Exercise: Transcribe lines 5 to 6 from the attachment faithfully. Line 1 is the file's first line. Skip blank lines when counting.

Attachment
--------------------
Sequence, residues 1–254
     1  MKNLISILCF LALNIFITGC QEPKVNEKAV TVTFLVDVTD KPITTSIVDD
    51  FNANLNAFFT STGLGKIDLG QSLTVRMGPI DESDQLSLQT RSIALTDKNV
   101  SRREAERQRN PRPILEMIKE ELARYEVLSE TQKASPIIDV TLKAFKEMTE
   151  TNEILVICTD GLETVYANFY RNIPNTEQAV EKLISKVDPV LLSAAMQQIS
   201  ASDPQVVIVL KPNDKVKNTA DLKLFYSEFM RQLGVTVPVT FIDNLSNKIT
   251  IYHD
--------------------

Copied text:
   151  TNEILVICTD GLETVYANFY RNIPNTEQAV EKLISKVDPV LLSAAMQQIS
   201  ASDPQVVIVL KPNDKVKNTA DLKLFYSEFM RQLGVTVPVT FIDNLSNKIT